Twenty-five years ago today: Pet Shop Boys’ “Please”

To commemorate the twenty-fifth anniversary of a still unheralded debut, John Freeman gives Pet Shop Boys’ Please another listen. My own take from 2005. Before the video for “Domino Dancing,” before the imperial phase commemorated by the singles from Actually, I want to know how many fans who bought Please in 1986 knew the Boys were not Boys Don’t Cry or Sly Fox, both of whom made a fabulous hit but remain one hit wonders in America; whether these record buyers knew the Boys were Something Special.

9 thoughts on “Twenty-five years ago today: Pet Shop Boys’ “Please”

  1. scott

    Well, this was shortly after the time I started writing about music (terribly, but let’s not go there), my main gig being an underground Toronto rag, and though I didn’t actually buy Please, I had heard “West End Girls,” thought nothing of it, but then noted that the LP was reviewed by another writer at the paper who I a) assumed was so much smarter than me; and b) was surprised that he was suddenly showing interest in something synth-oriented (he’d never shown any inclination otherwise). So I kind of sensed, however briefly, that Something Special was happening, but in truth, I didn’t pursue my intuition (which is weird, given how much I loved Scritti that year), and only first listened to them starting with Actually, due (not surprisingly) to a few high profile critical raves, including Greil Marcus in his Real Life column.

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  2. j. sot

    hey, Scott, i remember that Marcus tidbit!

    me, even tho i loved “West End Girls” and “Opportunities” from the first hearing, i still didn’t buy one of their longforms till Xgau reviewed Actually in late-’87. yeah, i know, i am such a tool…

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  3. scott

    Nothing remotely tool-ish about that! I praise Christgau, Marcus, et al. for making me hear things I might otherwise have let slip by. For several years, those guys functioned as a form of radio for me.

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  4. j. sot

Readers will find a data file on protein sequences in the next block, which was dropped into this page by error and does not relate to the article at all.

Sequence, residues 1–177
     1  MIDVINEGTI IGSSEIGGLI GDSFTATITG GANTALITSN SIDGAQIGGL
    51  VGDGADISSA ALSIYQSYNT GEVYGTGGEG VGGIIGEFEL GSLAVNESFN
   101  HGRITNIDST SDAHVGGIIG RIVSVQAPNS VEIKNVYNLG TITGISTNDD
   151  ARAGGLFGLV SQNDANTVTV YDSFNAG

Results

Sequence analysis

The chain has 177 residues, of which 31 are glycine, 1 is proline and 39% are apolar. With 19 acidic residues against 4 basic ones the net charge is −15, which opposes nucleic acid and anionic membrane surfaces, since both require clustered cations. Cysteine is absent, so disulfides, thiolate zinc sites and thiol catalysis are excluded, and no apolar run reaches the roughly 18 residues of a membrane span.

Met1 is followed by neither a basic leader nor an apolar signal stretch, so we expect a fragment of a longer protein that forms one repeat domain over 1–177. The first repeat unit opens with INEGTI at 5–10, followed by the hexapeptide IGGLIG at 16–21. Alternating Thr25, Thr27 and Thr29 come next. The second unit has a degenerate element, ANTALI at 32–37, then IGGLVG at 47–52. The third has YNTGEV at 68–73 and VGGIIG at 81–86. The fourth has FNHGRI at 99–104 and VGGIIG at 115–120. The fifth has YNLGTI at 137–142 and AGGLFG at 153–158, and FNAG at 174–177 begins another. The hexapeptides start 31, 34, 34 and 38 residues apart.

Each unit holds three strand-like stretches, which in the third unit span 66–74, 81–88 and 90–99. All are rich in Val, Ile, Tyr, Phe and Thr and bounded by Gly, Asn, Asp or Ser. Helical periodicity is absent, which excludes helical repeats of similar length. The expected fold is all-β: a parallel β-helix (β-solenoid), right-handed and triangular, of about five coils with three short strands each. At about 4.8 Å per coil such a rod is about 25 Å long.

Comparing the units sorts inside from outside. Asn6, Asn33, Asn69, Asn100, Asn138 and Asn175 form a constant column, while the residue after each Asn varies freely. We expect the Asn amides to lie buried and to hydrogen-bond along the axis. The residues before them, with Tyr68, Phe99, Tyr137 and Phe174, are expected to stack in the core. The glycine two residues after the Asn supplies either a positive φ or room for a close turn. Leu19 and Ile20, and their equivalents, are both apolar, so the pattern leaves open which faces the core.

yeah, agreed. what i refer to being tool-ish on my part, back when (yeah, right!), was my unwillingness to explore further an artist i obviously already liked quite a lot minus receiving go-ahead from proffered gate-keepers at large. i’m certainly not blaming that state of affairs on anyone other than myself, tho, obviously.

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  5. j. sot

    probably for most, yeah (thanx largely to “Rent” and Dusty Springfield, i presume). but not Chuck “West End Girls” (first released April ’84? holy cow!) Eddy, iirc.

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  6. s woods

    I was questioning somewhat the idea that they were ever “critical darlings” in America to begin with. It’s a close call, if you ask me. 12 critics voted in Pazz & Jop for Actually in 1987, 34 voted for Very in ’93… not bad, but it hardly places them at the level of a Springsteen or Madonna. And I recall SPIN running a snide feature story on them circa ’87 or ’88, so it’s not like there was a huge across-the-board consensus. On the other hand, it’s probably true that the relatively small fanbase they had among critics was fairly over-the-top about them. So maybe I’m just blathering here about nothing!

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    1. humanizingthevacuum Post author

      You’re right, Scott.

      As for the album itself, I was so glad that their last tour featured a fantastic medley of “Why Don’t We Live Together” and “Two Divided By Zero.” The former is one of my favorite songs by anybody — and does as much as any of their more famous singles in establishing their personae.

      Reply

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